Our boat glides gently down through the wetlands of The Everglades and we sit silently with bated breath in anticipation of spotting an alligator. Our quiet obedience pays off as our guide points to a spot left of the boat, and we all look to see an alligator swimming slowly at the surface of the murky water. The bird-lovers in the group quickly turn their attention to the right where a group of ibises are standing in the shallow water. The wildlife here is captivating!
The Everglades cover 734 square miles of the southern tip of Florida, with ecosystems as diverse as sawgrass prairies, tropical pinelands, mangrove swamps, and estuaries. You can drive or bike through the park, stopping at points of interest along the way for hiking and walking, you can stay overnight at the camping plots, and you can take one of many tours through the waterways, either by boat or kayak or canoe. The birdwatching and geocaching here is excellent, and you have the opportunity to learn about so much wildlife and many different ecosystems. No matter how you choose to experience The Everglades though, be sure to pack plenty of bugspray!
As I venture into the mangroves, I feel I’m being transported to a land far away. I enter the portal carved out around the walkway and I’m immediately surrounded by the mangroves that grow rapidly and chaotically. Only those branches that rest on the outer shell of this mini forest are covered in bright green leaves. Those branches and roots on the interior are reminders of where the mangrove began, its small start before their rapid, criss-crossing growth. The roots are thin and lanky, like many little legs sticking up out of the watery basin from which they grow. Inside the mangroves, it’s like a cave.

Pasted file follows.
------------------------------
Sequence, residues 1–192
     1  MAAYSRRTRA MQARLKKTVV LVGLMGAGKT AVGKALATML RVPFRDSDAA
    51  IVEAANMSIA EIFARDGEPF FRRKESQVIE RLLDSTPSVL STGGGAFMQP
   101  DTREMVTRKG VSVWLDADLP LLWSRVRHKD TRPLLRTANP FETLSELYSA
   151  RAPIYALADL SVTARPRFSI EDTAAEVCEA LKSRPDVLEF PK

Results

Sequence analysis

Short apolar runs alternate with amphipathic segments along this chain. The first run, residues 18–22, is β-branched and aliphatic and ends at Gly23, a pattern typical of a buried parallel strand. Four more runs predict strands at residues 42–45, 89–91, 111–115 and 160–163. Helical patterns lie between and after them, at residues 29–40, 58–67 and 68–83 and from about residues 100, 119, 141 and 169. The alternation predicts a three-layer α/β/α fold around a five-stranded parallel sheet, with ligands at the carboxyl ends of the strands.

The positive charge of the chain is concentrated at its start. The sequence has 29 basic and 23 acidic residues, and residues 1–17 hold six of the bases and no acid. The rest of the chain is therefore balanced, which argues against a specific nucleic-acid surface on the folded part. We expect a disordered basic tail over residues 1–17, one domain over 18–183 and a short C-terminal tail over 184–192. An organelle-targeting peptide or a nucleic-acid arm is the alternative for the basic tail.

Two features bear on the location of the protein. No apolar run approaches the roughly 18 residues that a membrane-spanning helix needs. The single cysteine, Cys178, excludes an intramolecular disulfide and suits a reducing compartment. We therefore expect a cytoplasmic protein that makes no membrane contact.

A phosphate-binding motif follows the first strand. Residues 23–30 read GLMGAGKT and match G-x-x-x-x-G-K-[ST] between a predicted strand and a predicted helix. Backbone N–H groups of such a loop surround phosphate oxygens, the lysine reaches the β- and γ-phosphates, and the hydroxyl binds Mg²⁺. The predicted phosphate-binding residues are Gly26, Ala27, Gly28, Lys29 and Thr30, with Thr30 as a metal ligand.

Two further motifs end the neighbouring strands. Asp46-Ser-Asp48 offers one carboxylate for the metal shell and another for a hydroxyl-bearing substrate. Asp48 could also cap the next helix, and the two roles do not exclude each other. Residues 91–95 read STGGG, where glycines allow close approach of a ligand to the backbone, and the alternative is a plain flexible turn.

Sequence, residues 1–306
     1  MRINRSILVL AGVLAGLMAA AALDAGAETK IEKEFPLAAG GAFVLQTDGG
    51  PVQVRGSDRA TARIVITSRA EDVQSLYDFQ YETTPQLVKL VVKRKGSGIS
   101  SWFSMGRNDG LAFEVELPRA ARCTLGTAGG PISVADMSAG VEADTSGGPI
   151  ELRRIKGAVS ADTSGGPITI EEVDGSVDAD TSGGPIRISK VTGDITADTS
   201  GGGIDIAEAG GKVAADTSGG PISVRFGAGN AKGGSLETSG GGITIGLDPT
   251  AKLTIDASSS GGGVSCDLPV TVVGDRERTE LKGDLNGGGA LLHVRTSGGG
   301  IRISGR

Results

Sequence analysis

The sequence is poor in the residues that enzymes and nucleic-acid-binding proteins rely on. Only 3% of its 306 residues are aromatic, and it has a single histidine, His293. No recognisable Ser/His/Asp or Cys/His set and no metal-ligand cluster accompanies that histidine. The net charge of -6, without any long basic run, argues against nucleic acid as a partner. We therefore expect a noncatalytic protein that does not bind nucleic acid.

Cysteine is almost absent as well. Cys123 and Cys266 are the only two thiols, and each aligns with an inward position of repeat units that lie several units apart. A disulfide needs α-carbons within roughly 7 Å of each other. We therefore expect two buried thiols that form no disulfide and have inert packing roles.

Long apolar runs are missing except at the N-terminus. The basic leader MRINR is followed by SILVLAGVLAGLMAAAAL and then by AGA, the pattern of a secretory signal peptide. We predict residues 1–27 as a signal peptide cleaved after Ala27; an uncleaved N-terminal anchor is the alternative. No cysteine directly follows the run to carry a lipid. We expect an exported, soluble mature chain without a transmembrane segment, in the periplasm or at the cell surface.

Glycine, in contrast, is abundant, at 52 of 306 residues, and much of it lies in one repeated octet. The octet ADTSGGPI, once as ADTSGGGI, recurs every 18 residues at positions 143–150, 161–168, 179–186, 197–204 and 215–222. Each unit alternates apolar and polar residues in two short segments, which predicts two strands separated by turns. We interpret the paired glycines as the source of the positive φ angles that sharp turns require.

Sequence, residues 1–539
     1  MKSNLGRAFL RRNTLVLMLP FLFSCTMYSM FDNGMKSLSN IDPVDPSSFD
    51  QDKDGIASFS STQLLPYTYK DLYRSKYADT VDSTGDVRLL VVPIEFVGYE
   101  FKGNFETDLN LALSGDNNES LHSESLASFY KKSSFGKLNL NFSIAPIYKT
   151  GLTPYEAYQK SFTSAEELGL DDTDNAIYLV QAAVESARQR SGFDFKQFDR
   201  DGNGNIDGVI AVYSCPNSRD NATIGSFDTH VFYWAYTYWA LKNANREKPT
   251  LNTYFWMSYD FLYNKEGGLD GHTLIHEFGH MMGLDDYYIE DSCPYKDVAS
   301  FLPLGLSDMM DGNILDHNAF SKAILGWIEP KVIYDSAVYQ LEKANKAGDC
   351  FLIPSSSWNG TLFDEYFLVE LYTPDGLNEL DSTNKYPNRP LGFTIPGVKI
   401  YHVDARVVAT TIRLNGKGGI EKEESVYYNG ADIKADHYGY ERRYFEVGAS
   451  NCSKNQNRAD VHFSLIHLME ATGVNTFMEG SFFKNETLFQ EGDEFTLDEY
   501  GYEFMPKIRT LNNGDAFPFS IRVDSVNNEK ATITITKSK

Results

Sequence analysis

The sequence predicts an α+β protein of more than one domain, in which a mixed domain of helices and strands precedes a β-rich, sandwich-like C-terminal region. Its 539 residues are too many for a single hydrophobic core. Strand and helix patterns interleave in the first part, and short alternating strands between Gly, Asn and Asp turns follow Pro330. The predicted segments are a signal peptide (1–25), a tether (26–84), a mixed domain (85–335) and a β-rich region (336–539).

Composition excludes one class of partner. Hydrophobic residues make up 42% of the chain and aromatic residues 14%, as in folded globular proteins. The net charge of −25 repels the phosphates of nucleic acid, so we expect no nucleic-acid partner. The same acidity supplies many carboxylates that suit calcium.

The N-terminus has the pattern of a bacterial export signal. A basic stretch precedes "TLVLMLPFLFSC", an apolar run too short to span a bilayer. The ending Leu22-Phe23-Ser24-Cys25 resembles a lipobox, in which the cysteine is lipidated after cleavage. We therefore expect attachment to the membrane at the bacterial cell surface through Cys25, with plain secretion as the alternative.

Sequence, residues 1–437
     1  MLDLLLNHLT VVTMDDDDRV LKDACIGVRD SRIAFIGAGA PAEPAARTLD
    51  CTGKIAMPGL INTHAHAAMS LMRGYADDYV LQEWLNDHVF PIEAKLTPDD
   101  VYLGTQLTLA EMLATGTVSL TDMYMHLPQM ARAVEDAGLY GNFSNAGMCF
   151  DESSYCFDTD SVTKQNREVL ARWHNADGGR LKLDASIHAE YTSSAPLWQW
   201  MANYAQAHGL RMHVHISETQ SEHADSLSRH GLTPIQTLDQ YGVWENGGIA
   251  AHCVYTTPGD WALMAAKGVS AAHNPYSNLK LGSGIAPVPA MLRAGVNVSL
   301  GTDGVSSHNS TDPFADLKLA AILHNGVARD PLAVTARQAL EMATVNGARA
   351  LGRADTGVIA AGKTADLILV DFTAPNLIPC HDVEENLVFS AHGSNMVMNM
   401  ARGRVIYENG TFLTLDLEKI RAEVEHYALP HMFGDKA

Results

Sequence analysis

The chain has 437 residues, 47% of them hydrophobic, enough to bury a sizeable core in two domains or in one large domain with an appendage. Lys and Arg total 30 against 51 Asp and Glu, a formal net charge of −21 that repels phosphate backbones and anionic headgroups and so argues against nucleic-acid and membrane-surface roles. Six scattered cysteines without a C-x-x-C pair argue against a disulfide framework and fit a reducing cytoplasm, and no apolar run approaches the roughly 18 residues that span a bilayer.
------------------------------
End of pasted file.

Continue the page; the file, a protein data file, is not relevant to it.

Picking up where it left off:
In another section of the park I encounter a tropical forest, with palm trees, bushes, and thick shrubbery lining the sides of a dirt path. The mosquitoes thrive here, breeding in the still water stream near the path. What starts as a walk through this path towards some waterfront views quickly turns into a run, in an attempt to out-pace the mosquitoes. The fresh air feels exhilarating as it blows past my hot skin and into my lungs. I hadn’t planned for exercise in the Everglades, but it’s surprisingly pleasant. I’ve outsmarted the mosquitoes and I’m seeing the forest at an accelerated pace. It may have been easier to pack more bug spray, but it wouldn’t have been more fun!
The quintessential image of The Everglades is swamps filled with alligators, and certainly these waterways are worth touring by boat, but don’t forget how diverse a region the park encompasses! Schedule some extra time to see all the different ecosystems that The Everglades offer.
Check out my Guide to America’s National Parks for more advice on this and other parks!